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Home List of Titles Is semantic fluency differentially impaired in schizophrenic patients with delusions?
Please use this identifier to cite or link to this item: http://hdl.handle.net/1959.3/94260
- Is semantic fluency differentially impaired in schizophrenic patients with delusions?
- Rossell, Susan L.; Rabe-Hesketh, Sophia; Shapleske, Jane; David, Anthony S.
- The study of cognitive deficits in schizophrenia has recently focused upon semantics: the study of meaning. Delusions are a plausible manifestation of abnormal semantics because by definition they involve changes in personal meaning and belief. A symptom-based approach was used to investigate semantic and phonological fluency in a group of schizophrenic patients subdivided into those with delusions and those with no current delusions. The results demonstrated that deluded patients only were differentially impaired on a test of semantic fluency in comparison to phonological fluency. All subjects showed the same decline in performance over the time course of both tests indicating that retrieval speed in schizophrenia is no different from that of normal controls. Further analysis of word associations in two semantic categories (animals and body parts), revealed that deluded subjects have a more idiosyncratic organisation for animals. The findings of reduced semantic fluency production and poor logical word associations may represent a disorganised storage of semantic information in deluded patients, which in turn affects efficient access.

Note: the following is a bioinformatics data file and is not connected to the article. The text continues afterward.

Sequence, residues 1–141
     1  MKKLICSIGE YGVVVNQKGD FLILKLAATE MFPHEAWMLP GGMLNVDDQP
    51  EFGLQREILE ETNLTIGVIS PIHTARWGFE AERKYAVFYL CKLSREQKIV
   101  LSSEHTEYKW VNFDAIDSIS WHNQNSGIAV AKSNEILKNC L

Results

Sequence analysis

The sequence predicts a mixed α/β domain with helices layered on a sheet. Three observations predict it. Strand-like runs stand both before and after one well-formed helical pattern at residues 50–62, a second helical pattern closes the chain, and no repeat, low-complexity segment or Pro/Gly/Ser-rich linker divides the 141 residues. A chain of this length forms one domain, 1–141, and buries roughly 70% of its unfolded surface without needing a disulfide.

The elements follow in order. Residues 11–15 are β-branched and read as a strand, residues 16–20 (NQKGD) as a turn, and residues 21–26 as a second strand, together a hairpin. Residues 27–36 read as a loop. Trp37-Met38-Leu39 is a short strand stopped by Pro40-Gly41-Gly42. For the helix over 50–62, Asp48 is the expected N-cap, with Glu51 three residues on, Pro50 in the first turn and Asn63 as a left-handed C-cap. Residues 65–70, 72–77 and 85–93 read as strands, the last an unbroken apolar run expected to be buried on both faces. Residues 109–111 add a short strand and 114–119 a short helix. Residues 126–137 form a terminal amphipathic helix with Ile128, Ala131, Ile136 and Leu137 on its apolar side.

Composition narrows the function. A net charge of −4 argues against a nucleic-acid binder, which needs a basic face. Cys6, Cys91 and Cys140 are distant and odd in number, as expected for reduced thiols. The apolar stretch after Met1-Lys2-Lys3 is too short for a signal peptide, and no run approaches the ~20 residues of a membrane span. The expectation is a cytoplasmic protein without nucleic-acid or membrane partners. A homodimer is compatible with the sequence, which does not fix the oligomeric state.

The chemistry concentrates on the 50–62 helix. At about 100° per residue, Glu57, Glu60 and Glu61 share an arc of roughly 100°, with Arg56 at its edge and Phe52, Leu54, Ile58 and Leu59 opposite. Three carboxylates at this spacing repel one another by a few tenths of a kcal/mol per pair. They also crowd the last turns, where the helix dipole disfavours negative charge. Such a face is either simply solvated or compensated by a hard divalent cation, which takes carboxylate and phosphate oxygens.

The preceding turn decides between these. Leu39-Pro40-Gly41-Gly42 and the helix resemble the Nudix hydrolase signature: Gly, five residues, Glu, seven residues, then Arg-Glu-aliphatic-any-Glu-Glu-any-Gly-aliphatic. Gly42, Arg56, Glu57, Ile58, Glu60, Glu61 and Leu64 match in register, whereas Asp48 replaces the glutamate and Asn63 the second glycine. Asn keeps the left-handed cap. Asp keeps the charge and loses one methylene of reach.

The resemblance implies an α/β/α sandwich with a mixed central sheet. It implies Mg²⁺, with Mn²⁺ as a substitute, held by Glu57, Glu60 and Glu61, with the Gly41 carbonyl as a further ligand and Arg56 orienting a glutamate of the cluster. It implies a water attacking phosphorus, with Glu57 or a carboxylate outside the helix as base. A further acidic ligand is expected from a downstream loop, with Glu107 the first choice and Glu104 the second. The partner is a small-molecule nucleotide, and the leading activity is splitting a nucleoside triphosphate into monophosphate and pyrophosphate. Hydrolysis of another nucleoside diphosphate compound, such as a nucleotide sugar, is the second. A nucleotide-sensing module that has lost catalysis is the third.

- Publication type
- Journal article
- Journal of Clinical and Experimental Neuropsychology, Vol. 21, no. 5 (Oct 1999), pp. 629-642
- Publication year
- FOR Code(s)
- 1109 Neurosciences; 1701 Psychology; 1702 Cognitive Sciences
- Analysis of variance; Case-control studies; Cluster analysis; Cross-sectional studies; Delusions; Logic; Memory; Reaction time; Schizophrenic psychology; Speech; Word association tests
- Psychology Press
- Publisher URL
- Copyright © Swets & Zeitlinger (1999).
- Peer reviewed